May 5, 2017

Lesson Wrap-Up: Beginnings of Collected Canter

I had only ridden once since my last lesson two weeks ago, so I didn't know what to expect last night.

Do you see that four inch long eye feeler?!  How does that even happen!
My trainer had been riding him though, and she said "I got the coolest canter out of him this week, I didn't even know it was in there.  We'll work on getting it with you tonight."

Seriously, it's over twice as long as all of his other eye whiskers.

Basically, she said we've laid the groundwork physically and mentally for more challenging work, and it's time to start challenging him little by little.  Connor's canter is our toughest gait, and developing a collected canter is a requirement before we show second.

We began by establishing really short (for me) reins that required my hands to be forward, and a very strong, secure core and position.  We then asked him to keep his poll elevated, from my seat and not my hands.  My trainer said he is most on his forehand when he drops his head going into the transition and curls backward.  We needed to think up from the shoulders, out from the chin and up in the poll.

We did a lot of transitions from walk to trot, focusing on keeping the poll up before, during and after the transition.  We also gave him a LOT of breaks - this is not easy for either one of us.

Once we had that pretty good in both directions, we moved on to walk-canter transitions, still focused on short reins and keeping the poll elevated.  She told me to err on the side of holding too much at this stage if I had to, because he's so dedicated to diving down with his nose and doing the "dolphin".

A leg on...two of four corners.

I didn't expect much, the canter so far is a gait I mostly just survive rather than affect, but it was a HUGE difference.  He really sat back and pushed instead of pulling himself with his front end like normal.  My hands were involved, but not as much as my body.  When I really held myself upright with a strong core, he responded with that canter that so impressed my trainer in her rides.  I felt like you could fit two of his canter strides last night into one of his "normal" strides.

Again, this is a pretty big change and a tough thing both physically and mentally, so we didn't go very long each time we cantered.  We focused on a good transition and several good strides after that, then brought him back down, repeating it once or twice more before giving him a neck stretch.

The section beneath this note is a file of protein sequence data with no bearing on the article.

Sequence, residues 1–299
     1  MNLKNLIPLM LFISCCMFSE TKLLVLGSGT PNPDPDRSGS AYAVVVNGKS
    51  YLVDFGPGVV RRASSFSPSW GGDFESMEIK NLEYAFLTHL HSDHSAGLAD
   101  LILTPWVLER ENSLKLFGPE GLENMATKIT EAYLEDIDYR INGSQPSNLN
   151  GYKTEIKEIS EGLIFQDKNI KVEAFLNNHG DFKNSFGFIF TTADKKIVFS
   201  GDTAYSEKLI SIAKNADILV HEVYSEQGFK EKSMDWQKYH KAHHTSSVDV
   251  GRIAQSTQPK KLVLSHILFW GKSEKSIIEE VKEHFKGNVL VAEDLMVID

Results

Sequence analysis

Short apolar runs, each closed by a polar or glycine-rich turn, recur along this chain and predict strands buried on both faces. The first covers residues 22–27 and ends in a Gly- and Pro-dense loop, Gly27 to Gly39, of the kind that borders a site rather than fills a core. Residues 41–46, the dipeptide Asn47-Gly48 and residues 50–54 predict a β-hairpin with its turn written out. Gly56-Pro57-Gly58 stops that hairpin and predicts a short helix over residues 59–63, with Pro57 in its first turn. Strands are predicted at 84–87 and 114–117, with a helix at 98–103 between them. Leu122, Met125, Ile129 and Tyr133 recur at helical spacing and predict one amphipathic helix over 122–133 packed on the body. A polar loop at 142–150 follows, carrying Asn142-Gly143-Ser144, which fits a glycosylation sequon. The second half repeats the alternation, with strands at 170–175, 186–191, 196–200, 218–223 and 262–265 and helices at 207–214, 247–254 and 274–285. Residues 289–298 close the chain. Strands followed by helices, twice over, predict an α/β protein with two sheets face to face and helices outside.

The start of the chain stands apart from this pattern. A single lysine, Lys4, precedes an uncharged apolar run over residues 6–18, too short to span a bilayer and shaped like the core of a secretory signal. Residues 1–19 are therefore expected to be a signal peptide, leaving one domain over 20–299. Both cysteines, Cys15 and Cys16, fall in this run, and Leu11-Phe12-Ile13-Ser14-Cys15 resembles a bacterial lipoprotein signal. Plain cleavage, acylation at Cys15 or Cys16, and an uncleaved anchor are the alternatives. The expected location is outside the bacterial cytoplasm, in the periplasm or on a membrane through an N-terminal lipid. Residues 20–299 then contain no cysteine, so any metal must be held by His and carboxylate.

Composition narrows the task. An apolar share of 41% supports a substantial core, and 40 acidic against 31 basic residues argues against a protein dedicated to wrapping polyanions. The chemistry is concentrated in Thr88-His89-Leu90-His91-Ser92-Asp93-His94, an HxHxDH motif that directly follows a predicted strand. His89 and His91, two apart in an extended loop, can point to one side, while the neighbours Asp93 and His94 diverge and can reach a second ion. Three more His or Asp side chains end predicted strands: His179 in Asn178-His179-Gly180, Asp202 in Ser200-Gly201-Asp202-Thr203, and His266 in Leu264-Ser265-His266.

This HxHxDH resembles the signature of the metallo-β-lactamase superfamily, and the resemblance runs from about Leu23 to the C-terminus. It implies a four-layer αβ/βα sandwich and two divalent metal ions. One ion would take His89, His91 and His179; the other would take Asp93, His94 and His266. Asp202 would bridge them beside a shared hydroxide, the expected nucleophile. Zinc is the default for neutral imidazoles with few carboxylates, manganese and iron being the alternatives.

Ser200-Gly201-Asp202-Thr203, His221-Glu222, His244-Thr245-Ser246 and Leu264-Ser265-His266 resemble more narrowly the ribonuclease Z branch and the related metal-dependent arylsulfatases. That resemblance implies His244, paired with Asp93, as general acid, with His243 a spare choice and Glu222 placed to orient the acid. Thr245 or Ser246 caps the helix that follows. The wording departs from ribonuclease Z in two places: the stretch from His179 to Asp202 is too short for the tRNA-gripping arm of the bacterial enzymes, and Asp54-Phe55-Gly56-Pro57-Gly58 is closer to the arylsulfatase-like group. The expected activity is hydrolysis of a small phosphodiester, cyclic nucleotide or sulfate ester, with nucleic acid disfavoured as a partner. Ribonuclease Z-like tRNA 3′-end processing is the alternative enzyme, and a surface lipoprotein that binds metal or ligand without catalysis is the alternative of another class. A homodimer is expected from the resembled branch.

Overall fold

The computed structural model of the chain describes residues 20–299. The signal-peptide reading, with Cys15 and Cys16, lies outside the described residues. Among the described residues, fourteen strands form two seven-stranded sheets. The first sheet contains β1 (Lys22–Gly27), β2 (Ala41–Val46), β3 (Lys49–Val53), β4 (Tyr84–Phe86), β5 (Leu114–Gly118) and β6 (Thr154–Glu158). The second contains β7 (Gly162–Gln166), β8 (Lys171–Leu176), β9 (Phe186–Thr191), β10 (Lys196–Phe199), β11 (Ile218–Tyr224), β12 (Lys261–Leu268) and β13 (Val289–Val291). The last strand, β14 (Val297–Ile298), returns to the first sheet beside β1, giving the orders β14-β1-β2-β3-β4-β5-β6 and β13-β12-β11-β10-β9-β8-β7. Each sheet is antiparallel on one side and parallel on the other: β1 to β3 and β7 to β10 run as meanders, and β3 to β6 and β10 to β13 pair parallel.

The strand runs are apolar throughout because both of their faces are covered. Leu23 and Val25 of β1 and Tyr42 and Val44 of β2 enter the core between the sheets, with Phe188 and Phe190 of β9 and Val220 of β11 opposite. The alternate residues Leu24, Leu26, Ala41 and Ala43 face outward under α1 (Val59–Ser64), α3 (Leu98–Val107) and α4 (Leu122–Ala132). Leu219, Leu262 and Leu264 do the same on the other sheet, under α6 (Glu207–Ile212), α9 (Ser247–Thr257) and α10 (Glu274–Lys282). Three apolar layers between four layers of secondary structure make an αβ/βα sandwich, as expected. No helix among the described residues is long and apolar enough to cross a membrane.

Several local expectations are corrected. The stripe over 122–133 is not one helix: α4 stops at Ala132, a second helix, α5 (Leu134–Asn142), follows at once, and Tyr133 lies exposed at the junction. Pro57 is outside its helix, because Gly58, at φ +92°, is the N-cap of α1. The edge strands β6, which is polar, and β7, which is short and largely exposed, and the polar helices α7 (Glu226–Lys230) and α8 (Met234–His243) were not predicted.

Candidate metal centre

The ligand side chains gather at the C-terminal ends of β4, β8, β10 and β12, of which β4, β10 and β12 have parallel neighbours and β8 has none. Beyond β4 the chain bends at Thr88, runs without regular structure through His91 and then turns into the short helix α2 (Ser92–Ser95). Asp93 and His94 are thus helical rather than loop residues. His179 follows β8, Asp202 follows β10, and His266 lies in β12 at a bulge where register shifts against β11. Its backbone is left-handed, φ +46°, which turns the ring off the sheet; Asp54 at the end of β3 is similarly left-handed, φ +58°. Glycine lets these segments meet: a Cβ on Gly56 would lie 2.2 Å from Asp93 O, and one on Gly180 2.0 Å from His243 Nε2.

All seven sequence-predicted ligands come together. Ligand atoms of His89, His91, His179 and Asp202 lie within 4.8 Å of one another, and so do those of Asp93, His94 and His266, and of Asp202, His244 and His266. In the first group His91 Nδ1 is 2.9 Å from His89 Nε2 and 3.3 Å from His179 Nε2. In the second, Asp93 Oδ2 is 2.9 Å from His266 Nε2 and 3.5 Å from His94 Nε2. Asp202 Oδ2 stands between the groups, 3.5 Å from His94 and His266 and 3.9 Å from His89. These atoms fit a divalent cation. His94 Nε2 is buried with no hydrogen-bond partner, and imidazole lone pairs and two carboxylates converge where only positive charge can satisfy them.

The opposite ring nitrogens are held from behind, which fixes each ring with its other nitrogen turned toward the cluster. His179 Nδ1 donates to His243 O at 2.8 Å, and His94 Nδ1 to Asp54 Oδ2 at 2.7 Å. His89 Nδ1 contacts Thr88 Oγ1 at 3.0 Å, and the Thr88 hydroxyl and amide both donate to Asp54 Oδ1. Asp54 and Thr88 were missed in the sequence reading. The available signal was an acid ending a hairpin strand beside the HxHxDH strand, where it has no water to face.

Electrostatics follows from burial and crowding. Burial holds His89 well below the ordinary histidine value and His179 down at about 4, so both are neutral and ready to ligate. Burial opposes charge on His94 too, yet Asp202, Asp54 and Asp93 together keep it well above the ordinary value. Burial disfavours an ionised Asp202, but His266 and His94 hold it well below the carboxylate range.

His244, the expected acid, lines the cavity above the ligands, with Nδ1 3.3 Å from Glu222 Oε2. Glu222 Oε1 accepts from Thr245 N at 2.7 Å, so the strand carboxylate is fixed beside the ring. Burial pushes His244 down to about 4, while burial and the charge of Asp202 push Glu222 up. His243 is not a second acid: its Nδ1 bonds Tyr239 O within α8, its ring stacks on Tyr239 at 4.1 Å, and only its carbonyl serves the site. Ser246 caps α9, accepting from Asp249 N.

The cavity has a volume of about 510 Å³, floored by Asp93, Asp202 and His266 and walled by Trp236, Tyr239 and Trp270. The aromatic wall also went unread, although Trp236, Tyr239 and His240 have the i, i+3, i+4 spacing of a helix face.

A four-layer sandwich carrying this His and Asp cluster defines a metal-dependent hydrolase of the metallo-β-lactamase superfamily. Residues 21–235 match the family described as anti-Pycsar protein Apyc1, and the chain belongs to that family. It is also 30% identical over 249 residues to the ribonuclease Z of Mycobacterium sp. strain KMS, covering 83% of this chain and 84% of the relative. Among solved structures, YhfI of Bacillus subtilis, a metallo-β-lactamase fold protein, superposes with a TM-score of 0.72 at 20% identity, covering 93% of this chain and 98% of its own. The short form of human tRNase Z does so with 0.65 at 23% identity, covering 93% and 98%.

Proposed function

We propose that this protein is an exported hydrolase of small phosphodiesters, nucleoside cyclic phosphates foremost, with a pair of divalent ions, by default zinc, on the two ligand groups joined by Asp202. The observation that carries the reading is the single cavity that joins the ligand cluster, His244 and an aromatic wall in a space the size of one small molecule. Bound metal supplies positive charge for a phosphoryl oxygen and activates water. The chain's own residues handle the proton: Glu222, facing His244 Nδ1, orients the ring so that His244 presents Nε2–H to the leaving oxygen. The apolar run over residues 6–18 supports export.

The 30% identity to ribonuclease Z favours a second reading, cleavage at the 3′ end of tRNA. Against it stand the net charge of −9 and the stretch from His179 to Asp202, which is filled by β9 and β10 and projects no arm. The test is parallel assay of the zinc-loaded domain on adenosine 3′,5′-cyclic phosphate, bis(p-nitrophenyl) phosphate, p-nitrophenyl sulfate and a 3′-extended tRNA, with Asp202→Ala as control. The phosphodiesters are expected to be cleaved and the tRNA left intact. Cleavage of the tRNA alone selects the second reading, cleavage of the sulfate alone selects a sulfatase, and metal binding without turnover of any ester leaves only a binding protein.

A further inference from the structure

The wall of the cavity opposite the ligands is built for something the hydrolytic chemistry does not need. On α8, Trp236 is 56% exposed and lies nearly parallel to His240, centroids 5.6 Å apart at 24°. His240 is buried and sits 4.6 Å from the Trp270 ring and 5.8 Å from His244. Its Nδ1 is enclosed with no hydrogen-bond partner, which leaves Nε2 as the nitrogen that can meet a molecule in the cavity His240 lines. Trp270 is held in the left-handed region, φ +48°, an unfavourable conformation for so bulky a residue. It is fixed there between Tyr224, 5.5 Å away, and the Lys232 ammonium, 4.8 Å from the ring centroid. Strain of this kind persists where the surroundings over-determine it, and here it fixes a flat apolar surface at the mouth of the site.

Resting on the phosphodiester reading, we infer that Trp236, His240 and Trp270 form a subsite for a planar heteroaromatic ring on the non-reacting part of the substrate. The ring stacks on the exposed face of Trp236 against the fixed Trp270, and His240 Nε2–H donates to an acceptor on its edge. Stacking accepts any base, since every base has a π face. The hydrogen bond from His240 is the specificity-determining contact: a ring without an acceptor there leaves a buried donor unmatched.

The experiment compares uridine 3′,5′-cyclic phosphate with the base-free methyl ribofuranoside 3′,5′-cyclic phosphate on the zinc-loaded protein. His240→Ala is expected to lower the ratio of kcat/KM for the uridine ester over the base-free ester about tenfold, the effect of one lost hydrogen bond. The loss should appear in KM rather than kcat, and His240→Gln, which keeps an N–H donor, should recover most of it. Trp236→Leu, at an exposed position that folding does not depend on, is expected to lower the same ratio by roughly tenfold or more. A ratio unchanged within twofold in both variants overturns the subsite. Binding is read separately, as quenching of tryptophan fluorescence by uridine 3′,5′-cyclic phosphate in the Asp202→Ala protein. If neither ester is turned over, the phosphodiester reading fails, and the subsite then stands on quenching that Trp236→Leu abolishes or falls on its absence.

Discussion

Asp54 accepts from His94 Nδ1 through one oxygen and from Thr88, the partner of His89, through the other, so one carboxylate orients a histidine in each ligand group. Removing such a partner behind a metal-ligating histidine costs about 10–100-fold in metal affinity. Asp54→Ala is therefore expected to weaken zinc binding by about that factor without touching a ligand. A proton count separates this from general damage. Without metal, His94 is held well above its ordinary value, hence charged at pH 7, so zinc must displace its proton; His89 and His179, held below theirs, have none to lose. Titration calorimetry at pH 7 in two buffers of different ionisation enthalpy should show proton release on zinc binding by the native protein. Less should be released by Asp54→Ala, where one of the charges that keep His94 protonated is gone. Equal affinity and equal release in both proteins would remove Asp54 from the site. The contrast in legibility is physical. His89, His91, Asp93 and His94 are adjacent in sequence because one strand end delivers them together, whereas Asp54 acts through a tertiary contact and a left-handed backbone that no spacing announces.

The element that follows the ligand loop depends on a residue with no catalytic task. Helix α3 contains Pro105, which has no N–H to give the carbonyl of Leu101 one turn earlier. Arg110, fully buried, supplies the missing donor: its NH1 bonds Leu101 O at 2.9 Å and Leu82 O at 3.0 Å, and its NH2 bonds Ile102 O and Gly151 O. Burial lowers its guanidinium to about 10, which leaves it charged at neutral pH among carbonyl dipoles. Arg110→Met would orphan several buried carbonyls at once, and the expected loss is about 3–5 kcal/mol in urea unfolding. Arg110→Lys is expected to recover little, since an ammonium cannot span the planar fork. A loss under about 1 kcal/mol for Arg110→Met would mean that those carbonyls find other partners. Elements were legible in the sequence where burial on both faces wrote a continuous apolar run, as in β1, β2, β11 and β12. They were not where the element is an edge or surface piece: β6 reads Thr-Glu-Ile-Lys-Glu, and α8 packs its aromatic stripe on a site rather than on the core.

It may not seem like much, but that canter is the key to moving up this year, and that was so different from our usual MO.  I'm looking forward to seeing where this goes!


  1. When I was at dressage camp, they talked about how some people just skip 2nd and move to 3rd. Surprising but you always hear how tough 2nd level is. Sounds like you are setting a solid base for the work. PS. I totally get the "survive" comment.

  2. I totally get this post as we worked just a bit on collected trot at dressage camp. And our canter is definitely survival mode at this point! Looking forward to seeing you both next weekend and hoping it dries up some before then...

  3. Nice! I bet you are still smiling.

  4. I'm really looking forward to doing this work! Mentally Katai is learning lots of cool things but she really needs to develop more strength first for us to be able to make much more progress. So cool to hear what you guys are working on :)

  5. Love it! Also glad I'm not the only one struggling with the cob canter. :)

    1. Lol! It's been an interesting journey for sure. I feel like Cardi and Connor's lines do canter better than most, but it's still not a breed meant to canter. Connor's was REALLY bad ("king of the tranter") when I first got him. We solved that, but it's always been a freight train. Now we're really trying to control it.

  6. I just scribed 10 or more 2-3 tests and canter work is SO important!